De’Marquise Elkins Found Guilty of Murdering Baby In Stroller

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    An 18-year-old man was convicted of murder in the shooting of a baby who was riding in a stroller alongside his mom in a town in coastal Georgia.

    Jurors deliberated about two hours before finding De’Marquise Elkins guilty of 11 counts, including two counts of felony murder and one count of malice murder in the March 21 killing of 13-month-old Antonio Santiago in Brunswick. The man’s mother, Karimah Elkins, was on trial alongside him and was found guilty of tampering with evidence but acquitted of lying to police.

    De’Marquise Elkins faces life in prison. At the time of the shooting he was 17, too young to face the death penalty under Georgia law.

    Sherry West testified that she was walking home from the post office with her son the morning of the killing. A gunman demanding her purse, shot her in the leg and shot her baby in the face after she told him she had no money, she said.

    Prosecutors said De’Marquise Elkins and an accomplice, 15-year-old Dominique Lang, are the ones who stopped West. Prosecutors say the older teen pointed a small .22-caliber revolver at West and demanded money. When West refused several times to turn over the money, Elkins fired a warning shot, shot the woman in the leg and the baby between the eyes, prosecutors said.

    The killing in the port city of Brunswick drew national attention, and the trial was moved to the Atlanta suburb of Marietta owing to extensive publicity locally.

    Prosecutors have said information from Elkins’ mother and sister led investigators to a pond where they found the revolver. Elkins’ sister also was charged with evidence tampering.

    Lang, who was a key prosecution witness in Elkins’ trial, is set to go to trial at a later date. De’Marquise Elkins’ attorney asked for bond for his client while they appealed, which the judge denied.

    The defense tried throughout the trial to prove that the investigation was flawed and that police refused to consider other leads or investigate further once they had Elkins in custody the day after the killing.

    “They finished their case in 25 hours. Everything else they did after that they just sugarcoated,” Lockwood said.

    The prosecution’s witnesses — many with a criminal history and some drug users — lied repeatedly and changed their stories throughout the investigation, Lockwood said. The defense also said several law enforcement agents backtracked in their testimony to make sure what they were saying fit the state’s version of the story.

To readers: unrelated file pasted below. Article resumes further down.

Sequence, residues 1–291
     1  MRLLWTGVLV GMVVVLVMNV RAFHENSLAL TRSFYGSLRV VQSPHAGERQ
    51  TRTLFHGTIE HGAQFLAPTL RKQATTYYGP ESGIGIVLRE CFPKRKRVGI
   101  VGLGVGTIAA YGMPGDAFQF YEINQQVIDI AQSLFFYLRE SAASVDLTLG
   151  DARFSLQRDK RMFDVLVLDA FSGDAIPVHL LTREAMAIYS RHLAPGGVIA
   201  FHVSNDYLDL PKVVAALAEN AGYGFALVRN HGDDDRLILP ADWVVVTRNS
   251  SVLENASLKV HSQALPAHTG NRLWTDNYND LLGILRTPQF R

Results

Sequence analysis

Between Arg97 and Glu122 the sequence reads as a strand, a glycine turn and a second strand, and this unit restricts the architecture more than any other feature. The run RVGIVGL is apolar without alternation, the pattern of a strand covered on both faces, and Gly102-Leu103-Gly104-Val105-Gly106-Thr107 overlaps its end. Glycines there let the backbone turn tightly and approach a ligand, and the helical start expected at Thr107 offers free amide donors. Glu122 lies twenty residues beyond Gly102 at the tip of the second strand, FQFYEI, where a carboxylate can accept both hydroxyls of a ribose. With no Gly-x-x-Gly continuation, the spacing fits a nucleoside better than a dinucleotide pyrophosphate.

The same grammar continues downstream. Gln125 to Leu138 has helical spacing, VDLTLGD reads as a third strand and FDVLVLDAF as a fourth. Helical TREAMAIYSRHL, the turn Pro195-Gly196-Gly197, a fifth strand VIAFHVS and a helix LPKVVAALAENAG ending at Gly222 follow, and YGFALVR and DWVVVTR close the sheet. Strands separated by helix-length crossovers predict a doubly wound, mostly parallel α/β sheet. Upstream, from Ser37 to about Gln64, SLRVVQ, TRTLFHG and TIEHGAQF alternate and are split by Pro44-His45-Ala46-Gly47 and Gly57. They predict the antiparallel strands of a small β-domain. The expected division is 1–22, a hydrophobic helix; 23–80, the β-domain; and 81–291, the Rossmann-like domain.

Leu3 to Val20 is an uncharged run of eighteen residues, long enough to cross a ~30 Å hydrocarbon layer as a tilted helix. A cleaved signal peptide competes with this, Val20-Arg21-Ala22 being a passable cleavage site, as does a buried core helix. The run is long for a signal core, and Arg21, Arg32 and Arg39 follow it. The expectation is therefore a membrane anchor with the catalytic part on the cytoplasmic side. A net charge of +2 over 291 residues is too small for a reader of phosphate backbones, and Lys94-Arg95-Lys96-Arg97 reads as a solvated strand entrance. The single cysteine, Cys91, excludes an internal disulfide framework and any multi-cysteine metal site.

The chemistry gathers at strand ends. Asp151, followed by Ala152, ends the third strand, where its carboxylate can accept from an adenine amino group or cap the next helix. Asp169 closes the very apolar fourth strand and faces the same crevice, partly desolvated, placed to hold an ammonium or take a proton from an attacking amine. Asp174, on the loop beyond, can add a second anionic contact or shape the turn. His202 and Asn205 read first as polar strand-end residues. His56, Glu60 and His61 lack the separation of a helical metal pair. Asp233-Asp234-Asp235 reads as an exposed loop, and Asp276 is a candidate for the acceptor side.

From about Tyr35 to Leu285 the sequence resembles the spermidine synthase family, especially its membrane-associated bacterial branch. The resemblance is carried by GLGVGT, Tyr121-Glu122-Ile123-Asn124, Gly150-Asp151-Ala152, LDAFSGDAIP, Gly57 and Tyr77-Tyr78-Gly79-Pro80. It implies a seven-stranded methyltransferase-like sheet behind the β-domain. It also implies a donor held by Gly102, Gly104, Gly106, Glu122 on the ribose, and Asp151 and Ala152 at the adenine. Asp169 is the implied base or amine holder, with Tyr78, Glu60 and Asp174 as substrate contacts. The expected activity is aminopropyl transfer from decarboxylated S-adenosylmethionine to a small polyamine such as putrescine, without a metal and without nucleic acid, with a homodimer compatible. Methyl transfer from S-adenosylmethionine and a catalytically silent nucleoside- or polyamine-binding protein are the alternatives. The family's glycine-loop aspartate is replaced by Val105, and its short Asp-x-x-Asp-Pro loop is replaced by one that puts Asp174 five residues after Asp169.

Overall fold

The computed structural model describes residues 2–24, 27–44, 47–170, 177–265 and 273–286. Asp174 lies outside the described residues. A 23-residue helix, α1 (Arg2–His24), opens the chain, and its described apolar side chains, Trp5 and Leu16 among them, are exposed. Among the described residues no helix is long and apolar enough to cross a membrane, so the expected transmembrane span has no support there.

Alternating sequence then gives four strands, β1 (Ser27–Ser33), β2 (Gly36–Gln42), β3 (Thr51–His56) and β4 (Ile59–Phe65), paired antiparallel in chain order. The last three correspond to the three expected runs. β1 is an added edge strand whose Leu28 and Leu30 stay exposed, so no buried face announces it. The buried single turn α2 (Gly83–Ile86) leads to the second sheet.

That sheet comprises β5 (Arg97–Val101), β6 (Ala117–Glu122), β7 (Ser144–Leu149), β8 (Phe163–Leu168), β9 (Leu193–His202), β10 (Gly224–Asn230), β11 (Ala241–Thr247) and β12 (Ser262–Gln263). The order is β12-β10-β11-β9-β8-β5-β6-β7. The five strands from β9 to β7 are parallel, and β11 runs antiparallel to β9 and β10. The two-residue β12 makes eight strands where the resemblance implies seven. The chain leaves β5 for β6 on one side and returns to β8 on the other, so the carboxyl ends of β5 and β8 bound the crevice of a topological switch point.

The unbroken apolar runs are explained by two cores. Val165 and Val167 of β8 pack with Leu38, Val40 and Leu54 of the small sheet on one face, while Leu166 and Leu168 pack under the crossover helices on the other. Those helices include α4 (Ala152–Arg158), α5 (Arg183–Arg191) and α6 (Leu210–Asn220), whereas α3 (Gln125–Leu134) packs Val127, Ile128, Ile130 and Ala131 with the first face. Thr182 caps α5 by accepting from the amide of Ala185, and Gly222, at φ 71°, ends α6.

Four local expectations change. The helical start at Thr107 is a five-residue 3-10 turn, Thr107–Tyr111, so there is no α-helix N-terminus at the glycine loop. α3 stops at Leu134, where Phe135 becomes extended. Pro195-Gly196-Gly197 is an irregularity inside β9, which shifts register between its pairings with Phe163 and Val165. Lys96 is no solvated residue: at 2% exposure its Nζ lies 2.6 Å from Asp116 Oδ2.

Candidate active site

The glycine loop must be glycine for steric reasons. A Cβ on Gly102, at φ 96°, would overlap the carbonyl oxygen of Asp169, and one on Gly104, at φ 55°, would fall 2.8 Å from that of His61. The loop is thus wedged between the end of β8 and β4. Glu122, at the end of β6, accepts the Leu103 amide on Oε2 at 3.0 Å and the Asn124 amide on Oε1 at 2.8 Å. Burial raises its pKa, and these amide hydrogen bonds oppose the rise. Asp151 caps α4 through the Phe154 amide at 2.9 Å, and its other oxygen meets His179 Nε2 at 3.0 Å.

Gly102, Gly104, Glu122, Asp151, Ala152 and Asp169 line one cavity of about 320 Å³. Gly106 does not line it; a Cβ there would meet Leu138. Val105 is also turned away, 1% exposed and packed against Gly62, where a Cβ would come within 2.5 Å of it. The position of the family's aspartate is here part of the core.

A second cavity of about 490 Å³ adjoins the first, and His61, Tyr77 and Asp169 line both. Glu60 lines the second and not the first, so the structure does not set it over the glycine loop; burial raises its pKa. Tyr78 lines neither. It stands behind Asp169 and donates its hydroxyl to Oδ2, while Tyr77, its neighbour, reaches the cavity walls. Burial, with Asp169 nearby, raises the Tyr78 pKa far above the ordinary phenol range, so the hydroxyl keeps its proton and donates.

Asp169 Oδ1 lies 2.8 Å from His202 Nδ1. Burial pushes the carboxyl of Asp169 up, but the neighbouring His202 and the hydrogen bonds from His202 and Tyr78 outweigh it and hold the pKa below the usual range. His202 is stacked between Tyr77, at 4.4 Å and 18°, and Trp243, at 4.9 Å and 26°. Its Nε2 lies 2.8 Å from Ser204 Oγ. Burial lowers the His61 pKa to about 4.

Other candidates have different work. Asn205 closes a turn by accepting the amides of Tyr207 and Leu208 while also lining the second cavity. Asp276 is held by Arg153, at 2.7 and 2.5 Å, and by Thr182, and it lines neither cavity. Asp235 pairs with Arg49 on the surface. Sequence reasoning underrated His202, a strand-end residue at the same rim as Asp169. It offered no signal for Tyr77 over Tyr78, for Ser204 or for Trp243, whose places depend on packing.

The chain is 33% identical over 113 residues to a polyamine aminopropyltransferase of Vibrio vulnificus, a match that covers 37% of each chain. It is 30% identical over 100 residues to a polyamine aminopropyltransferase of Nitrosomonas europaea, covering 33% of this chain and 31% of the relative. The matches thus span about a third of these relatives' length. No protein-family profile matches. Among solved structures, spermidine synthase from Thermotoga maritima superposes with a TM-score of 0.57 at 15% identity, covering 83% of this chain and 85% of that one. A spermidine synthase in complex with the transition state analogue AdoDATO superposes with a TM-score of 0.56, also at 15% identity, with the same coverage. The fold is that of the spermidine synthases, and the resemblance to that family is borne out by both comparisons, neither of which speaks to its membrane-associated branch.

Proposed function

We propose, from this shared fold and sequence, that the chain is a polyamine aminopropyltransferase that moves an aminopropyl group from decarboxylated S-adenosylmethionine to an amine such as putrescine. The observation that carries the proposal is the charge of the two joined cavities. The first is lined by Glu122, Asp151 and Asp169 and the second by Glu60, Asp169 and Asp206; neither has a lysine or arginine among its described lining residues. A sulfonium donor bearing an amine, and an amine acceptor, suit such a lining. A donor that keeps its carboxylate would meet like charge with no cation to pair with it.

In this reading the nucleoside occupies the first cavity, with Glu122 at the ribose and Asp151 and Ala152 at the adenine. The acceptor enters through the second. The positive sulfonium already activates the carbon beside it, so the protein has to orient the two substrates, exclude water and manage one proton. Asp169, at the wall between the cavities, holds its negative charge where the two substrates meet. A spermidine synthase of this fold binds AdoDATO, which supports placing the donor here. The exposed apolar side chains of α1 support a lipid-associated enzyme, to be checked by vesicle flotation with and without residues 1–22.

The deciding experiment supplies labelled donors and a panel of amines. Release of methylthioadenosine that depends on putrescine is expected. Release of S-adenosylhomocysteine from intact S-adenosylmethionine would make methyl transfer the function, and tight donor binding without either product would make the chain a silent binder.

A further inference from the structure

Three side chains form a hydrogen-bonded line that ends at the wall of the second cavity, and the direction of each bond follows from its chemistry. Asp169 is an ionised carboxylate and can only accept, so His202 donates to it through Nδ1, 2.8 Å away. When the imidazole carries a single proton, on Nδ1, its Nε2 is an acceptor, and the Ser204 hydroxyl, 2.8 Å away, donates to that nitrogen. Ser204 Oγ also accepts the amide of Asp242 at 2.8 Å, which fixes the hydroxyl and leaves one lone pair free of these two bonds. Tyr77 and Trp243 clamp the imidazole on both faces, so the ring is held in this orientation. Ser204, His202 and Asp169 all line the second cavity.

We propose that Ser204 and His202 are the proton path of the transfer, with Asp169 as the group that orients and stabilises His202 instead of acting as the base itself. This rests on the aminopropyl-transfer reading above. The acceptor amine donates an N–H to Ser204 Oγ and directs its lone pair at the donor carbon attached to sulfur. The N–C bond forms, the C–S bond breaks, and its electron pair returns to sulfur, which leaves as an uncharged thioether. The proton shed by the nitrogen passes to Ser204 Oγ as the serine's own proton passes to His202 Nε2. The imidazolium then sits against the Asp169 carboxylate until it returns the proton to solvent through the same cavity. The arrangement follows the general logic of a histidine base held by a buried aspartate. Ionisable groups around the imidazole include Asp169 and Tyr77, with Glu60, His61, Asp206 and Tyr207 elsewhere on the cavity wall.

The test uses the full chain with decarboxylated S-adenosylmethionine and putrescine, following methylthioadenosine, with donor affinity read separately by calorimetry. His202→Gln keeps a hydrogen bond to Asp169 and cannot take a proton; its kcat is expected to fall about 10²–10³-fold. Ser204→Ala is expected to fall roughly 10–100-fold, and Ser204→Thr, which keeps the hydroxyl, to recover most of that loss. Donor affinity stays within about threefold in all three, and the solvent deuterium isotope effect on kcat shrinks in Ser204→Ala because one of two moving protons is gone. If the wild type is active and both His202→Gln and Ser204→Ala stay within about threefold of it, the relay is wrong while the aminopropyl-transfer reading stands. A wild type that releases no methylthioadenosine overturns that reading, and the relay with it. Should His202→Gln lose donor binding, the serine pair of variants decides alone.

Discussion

The baby’s mother, Sherry West, made different identifications of the suspect and behaved strangely after the shooting, occasionally joking and laughing while being questioned by police and making other bizarre statements, Lockwood said. The baby’s father, Louis Santiago, was in the vicinity when the shooting happened and showed no warmth toward the child’s mother afterward, Lockwood said.

    Lang testified that Elkins is the one who asked West for money and fired the shots, but admitted lying repeatedly, Lockwood said. And Lang’s cousin, Joe Lang, was in the area on the day of the shooting and fits the description of the shooter.

    But police never really investigated the baby’s parents or the Lang cousins, Lockwood said.

    The defense had strongly suggested in pretrial motions that the baby’s parents were the killers. Lead defense attorney Kevin Gough, a public defender, made several suggestions to the same effect during the trial. But much of his questioning that seemed to be heading in that direction — including attempts to bring up details about the backgrounds of both of the baby’s parents — was blocked by the judge after the prosecution objected.

    Prosecutors said the defense presented a lot of theories and speculation but that the evidence and facts in the case proved Elkins’ guilt.

    Brunswick Judicial Circuit District Attorney Jackie Johnson showed jurors a string of still images pulled from video cameras around Brunswick during her closing argument. They all showed Elkins in specific locations at specific times the day of the shooting. Johnson also reminded jurors of the testimony of two young women — one who said Elkins walked her to school at 8:45 the day of the shooting and another who said she spent the night before with Elkins and ate with him later that morning, which was backed up by video stills of them at a convenience store.

    Then Johnson reminded jurors of what Elkins told police, that he woke up around 10:30 that morning, that no one else was home and that he left for school around 11:30 a.m.

    The only person whose story didn’t match the evidence in the case was Elkins, Johnson said.

    The story Dominique Lang told police was very similar to the one West told, Johnson said. While there was no video of the shooting itself, video evidence in the case supports other parts of Lang and West’s stories, Johnson said.

    Johnson also took exception to the accusation that police stopped investigating once they arrested Elkins, noting that they pulled video from various cameras around town and went diving in a pond to recover the gun the following week.

    Johnson also slammed the defense for picking on West and her behavior following the shooting: “Does anyone know what the protocol is for how you’re supposed to act when you’ve just watched your child get shot in the face?”

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